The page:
When you start looking at yourself, when you start digging deep, when you start talking to yourself instead of listening to yourself, you start to realize that the more we can share with each other, the more we can realize we’re not alone. My journals throughout the years examine every feeling I was feeling, even when they were painful to look at. What I was doing every time I feverishly jumped into bed and scrawled my insights into those journals, I realize now, was cultivating empathy. The more you inspect your own feelings, the more you start to realize all the stuff that so many other people go through, too. Life is really hard and there are a few things that are guaranteed: you’re born, sh**’s going to be thrown at you, and you’re going to die. So how can we fill all that other space up with joy and happiness? And not resent the world?
By changing our attitude about what happens to us. In “Man’s Search for Meaning,” his moving account of life in a World War II concentration camp, psychologist Viktor Frankl writes that “when we are no longer able to change a situation – just think of an incurable disease such as inoperable cancer – we are challenged to change ourselves.” He cites a case study of a patient who was battling depression after his beloved wife had died two years earlier:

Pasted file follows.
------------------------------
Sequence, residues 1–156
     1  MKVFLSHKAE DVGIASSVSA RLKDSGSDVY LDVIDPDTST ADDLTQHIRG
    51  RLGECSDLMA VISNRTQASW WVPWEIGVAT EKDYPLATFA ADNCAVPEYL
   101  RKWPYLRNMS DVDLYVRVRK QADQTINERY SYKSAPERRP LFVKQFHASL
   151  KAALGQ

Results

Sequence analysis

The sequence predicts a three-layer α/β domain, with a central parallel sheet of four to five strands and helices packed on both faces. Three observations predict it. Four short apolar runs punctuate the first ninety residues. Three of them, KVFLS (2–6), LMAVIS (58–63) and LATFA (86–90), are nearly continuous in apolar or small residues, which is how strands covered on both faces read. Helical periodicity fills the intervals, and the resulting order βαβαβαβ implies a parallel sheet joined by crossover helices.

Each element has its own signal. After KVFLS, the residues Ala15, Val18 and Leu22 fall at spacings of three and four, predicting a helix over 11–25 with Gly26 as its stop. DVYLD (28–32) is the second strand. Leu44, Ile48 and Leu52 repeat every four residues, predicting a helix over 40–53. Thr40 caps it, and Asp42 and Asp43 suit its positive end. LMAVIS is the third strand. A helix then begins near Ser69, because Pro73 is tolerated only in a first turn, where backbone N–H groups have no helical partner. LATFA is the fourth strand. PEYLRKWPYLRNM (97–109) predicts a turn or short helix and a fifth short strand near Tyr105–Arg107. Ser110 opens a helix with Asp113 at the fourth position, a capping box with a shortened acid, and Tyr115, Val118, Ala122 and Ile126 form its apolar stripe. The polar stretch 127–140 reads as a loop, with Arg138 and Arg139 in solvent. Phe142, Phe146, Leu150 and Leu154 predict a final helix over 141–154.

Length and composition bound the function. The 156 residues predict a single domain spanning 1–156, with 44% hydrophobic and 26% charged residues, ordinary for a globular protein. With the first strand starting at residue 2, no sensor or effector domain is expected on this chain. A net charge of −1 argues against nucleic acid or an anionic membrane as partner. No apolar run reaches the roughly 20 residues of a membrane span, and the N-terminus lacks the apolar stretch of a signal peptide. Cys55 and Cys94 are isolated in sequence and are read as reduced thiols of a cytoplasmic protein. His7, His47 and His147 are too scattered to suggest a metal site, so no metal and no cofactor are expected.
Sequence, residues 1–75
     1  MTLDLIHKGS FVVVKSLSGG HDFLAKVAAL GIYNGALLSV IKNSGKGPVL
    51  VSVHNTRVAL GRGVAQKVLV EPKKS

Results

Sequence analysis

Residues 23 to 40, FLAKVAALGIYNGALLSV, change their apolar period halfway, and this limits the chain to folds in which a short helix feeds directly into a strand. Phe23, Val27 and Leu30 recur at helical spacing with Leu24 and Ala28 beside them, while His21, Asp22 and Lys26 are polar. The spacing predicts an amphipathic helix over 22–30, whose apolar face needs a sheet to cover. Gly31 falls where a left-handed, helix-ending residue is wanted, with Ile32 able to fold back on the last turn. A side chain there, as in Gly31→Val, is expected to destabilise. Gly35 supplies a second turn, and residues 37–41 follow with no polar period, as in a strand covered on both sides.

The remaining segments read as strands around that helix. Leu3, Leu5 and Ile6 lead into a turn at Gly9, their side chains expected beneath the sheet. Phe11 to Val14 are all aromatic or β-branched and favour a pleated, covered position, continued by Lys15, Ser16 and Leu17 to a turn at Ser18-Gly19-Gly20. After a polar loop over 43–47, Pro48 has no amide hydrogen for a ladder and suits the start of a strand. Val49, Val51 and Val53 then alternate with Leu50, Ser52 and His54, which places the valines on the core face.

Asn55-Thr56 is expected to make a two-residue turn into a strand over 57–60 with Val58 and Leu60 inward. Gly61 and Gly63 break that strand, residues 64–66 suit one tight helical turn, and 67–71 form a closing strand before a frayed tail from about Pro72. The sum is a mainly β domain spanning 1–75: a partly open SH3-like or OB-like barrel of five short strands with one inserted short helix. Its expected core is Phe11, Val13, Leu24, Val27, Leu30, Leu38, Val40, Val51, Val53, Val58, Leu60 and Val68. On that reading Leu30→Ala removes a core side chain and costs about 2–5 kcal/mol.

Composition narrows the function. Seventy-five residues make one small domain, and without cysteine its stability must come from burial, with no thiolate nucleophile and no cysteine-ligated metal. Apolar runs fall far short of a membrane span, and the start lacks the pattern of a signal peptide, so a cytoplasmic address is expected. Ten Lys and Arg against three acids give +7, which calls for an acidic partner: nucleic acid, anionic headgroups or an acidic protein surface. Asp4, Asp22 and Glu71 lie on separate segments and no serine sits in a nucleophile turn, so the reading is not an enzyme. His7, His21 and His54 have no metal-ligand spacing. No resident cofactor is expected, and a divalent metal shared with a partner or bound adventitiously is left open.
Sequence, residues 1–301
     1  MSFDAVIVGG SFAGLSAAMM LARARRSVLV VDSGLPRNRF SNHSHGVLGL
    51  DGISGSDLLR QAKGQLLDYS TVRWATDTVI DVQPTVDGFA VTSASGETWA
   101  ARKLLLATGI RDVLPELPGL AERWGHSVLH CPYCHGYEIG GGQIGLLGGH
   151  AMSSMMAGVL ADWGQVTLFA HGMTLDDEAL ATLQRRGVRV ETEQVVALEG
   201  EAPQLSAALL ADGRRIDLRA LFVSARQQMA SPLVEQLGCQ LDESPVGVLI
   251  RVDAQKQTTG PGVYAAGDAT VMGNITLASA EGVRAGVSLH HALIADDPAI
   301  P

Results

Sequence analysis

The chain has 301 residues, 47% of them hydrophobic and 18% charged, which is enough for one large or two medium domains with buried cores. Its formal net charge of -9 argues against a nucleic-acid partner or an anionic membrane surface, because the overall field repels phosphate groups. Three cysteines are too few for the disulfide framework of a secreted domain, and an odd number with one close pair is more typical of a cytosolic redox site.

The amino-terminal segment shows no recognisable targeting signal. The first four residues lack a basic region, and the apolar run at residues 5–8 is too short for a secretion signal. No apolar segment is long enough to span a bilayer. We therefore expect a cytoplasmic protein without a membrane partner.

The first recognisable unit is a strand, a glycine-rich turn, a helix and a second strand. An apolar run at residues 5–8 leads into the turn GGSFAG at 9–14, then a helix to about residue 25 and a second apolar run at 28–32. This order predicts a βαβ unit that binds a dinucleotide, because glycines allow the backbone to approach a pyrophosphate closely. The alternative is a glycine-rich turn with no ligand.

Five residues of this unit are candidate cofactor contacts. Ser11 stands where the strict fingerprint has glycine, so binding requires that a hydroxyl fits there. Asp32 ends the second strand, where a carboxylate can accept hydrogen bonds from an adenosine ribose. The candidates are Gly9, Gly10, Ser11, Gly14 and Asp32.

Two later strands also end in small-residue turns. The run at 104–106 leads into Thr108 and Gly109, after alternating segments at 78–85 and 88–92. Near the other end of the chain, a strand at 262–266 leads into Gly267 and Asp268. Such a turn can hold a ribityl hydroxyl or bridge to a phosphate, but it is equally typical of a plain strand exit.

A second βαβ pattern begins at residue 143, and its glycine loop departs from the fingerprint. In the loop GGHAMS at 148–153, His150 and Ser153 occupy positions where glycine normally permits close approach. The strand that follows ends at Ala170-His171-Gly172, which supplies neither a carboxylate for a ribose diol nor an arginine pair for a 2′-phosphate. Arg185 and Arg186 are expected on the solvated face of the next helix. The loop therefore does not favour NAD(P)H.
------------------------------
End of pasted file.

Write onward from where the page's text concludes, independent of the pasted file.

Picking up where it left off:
“‘What would have happened if you had died first, and your wife would have had to survive you?’” [Frankl asked]. ‘Oh,’ he said, ‘for her this would have been terrible; how she would have suffered!’ Whereupon I replied, ‘You see, such a suffering has been spared her, and it was you who have spared her this suffering – to be sure, at the price that now you have to survive and mourn her’…I could not revive his wife. But in that moment I did succeed in changing his attitude toward an unalterable fate inasmuch as from that time on he could at least see a meaning in his suffering.”

Rock on, Viktor Frankl. He wrote that our main concern is neither the pursuit of pleasure nor the avoidance of pain, but rather to find meaning in life. The dude spent years in a concentration camp and concluded that “man is even ready to suffer, on the condition, to be sure, that his suffering has a meaning.”

That’s what this book is about. It’s about finding meaning, in both the tragic and the everyday; it’s about how to learn resilience, against all the odds; it’s about looking in the mirror and refusing to see a victim staring back at you; it’s about disregarding the doubts of naysayers…and shutting up the self-doubt each of us secretly hears every day; it’s about thinking of forgiveness as an act that sets you free from bitterness and resentment; and it’s about how to ultimately build a life, when, arguably, the worst thing that can happen to you happens when you’re twelve years old.

Excerpted from “Life is Magic” by Jon Dorenbos. © 2019 by Jon Dorenbos. Excerpted with permission by Avid Reader Press, an imprint of Simon & Schuster, Inc.

December 2019